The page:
There’s a certain number of faces you can recognize at any given moment.

Pop quiz: How many faces do you think you could recognize? That’s a huge one you know. The faces of family, friends, colleague workers, and anybody you’ve ever met in person — the list goes on. There are even countless other faces you see on TV, magazine racks, billboards, advertisements, and social media — thinking of your thousands of friends on Facebook, right? By contrast, people don’t understand our capacity for recognizing and remembering faces. According to a new study, it’s much more impressive than you’d realize.

Related media: How Exactly Do Our Brains Recognize Faces?

Do You Remember Me?

Facial recognition technology is basically everywhere — our smartphones can virtually recognize us, so does Facebook, and most surveillance cameras, and who knows what else. But, what about people? In a 2018 study by the University of York and the University of Aberdeen, researchers tried to estimate how many faces we have in our memory banks at a given time. They were faced with two basic questions: How many faces can people recognize personally, and how many popular faces can people recognize.

First, the researchers sampled 25 participants and tasked them to simply spend an hour listing people whose faces they could mentally picture. To assist them remember, the researchers provided 14 brainstorm categories, which included themes like “family,” “friends of family,” “own friends,” “school,” and “people met on a trip.” The listing process started off easy — mom, dad, siblings, roommates, that occasional significant other — but eventually ran out of names, and it got more and more challenging as they progressed further.

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The researchers knew that because they automatically saved the participants’ work every five minutes, which helped them analyze the rate at which they remembered. None of the participants completely ran out of names when the hour was up, though, so the researchers did an extrapolation with the names from each person, and therefore estimated how many names they probably were able to recall.

Second, they did roughly the same thing, but with famous faces. Here, the prompt categories were different — “movie,” “football,” and “fashion,” for instance — but the process was roughly the same. Participants typically listed more faces from their personal life than celebrity faces — about a ratio of 4:3.

Forget Me Not, Please!!!

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At this point, still a tough one. In attempts to get a sense of how their participants’ reported facial recognition abilities as compared with their actual facial recognition abilities, the researchers presented study participants with a database of more than 3,000 popular faces and tasked them to indicate which faces they can recognized. (It only counted as “recognition,” for the study’s purposes, if they recognized two separate photos of the same person).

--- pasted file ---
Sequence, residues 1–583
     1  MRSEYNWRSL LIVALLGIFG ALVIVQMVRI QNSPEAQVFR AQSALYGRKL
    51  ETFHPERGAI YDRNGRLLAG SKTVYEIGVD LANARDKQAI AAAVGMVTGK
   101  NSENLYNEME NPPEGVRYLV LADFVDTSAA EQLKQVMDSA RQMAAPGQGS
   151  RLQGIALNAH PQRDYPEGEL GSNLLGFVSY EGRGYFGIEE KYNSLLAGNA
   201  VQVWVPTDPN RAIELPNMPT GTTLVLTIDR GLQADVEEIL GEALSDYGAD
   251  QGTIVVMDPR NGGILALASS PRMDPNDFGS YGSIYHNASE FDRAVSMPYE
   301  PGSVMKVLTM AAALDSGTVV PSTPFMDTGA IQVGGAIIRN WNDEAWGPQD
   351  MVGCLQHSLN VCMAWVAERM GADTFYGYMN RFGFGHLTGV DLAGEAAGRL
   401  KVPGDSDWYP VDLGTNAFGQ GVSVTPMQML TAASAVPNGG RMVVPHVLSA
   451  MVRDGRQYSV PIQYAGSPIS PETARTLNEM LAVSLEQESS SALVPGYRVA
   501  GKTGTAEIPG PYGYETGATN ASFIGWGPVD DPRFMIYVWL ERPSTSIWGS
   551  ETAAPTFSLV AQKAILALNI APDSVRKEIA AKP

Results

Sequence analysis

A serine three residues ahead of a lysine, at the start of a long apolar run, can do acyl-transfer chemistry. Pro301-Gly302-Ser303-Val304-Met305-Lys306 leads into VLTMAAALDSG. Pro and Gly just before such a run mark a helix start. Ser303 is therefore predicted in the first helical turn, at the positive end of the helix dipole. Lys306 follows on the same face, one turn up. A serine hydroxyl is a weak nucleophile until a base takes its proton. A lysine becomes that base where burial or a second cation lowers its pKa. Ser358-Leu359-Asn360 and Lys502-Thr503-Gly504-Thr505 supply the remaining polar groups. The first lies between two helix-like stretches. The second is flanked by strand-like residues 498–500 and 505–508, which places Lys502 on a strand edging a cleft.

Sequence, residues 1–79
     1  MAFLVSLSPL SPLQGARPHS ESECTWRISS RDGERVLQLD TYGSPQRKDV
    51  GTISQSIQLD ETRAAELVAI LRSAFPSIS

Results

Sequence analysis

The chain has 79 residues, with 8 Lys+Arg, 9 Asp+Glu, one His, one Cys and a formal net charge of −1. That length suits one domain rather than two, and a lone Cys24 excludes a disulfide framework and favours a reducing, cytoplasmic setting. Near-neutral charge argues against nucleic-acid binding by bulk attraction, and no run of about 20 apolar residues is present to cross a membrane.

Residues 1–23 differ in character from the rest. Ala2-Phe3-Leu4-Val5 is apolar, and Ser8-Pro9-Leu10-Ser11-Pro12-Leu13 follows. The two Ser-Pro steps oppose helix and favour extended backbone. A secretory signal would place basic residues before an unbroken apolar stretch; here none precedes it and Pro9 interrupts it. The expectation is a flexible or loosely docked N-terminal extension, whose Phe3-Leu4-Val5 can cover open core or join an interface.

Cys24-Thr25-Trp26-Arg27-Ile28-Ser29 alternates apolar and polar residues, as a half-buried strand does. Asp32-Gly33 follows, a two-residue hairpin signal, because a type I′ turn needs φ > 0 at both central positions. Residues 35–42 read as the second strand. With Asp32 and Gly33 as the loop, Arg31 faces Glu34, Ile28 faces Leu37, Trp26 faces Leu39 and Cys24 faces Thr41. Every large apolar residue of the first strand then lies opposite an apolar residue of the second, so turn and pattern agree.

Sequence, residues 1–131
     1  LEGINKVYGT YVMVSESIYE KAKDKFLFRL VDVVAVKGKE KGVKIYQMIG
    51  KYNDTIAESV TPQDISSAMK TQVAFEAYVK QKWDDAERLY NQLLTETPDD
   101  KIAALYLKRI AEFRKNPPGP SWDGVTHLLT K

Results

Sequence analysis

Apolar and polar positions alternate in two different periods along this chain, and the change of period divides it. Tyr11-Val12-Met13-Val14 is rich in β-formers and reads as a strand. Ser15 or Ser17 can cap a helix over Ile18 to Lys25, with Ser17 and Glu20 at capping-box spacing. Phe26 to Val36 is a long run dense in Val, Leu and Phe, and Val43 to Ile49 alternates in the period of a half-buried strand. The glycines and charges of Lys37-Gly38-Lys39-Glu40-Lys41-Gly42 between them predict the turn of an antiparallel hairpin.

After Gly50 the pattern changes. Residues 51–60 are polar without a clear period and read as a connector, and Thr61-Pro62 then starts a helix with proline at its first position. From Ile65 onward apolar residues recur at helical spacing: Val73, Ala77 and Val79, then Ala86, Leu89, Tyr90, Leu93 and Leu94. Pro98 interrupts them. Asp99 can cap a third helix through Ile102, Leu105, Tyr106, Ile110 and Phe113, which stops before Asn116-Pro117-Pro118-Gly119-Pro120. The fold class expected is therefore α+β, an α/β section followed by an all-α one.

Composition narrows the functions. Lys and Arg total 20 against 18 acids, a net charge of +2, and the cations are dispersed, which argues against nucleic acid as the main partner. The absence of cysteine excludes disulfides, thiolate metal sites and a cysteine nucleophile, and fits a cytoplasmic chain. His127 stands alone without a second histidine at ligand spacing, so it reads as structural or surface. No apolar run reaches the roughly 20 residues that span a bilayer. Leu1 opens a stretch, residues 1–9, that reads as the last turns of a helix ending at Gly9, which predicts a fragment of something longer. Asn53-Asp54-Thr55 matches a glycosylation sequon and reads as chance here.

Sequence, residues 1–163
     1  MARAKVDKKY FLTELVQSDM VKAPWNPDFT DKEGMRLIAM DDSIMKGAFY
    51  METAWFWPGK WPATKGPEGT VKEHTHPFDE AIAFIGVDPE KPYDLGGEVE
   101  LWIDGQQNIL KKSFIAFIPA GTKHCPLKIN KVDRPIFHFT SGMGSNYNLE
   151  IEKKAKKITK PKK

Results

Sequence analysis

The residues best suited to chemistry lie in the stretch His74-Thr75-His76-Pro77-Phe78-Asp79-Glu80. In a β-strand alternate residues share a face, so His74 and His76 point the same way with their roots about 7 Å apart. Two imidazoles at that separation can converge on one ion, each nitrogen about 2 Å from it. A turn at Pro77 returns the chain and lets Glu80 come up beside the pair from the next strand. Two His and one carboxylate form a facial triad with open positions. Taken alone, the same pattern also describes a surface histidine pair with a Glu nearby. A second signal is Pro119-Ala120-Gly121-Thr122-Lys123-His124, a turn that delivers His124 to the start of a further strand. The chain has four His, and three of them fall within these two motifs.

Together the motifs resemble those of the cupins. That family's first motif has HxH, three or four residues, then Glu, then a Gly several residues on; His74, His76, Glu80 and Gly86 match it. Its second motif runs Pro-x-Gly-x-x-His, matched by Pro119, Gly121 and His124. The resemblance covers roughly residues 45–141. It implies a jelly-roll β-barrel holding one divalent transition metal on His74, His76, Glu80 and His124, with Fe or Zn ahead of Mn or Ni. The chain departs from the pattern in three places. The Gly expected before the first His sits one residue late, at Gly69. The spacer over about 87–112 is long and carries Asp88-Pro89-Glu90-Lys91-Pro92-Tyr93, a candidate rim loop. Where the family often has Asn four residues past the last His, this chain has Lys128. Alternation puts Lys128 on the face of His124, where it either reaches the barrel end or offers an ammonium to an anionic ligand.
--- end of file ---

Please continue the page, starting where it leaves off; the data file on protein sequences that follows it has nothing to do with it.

This time round, it was extended considerably for the participants to integrate it into their usual day-to-day activities over a period of three months. It turned out that participants recognized roughly five faces for every one they recalled in that first test. Researchers used that ratio and the original names a person listed to extrapolate the total number of faces they knew.

I Guess You Remember Me Now

Interestingly, the average study participant was able to recognize about 5,000 faces, and every study participant’s number drop about 1,000 and 10,000. Remember, though, this was just the number of faces the participants really knew. In theory, they could have been able to remember more faces; our ability for facial recognition is really unprecedented. That’s not bad for us big brain apes.

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Throughout history, human civilizations are normally made of small communities roughly around 100 people, quite fair enough for any person to encounter more than a thousand people. Currently, most urban settlements jammed with people, are usually made up of small neighborhoods that hardly get over the thousands. Previously, a research suggests that a given person spends their time in just 25 places, and can only maintain about 150 friendships at a time.

In other words, if someone punches you, you have to recognize their face, or you’ll be vulnerable to them punching you again. Likewise, if someone does a favor, you’ll want to remember their face so you can encourage future favors. Our ability to survive is linked to our ability to recognize faces. Thank goodness we can recognize thousands of them.

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Written by: Nana Kwadwo, Sat, Feb 09, 2019.


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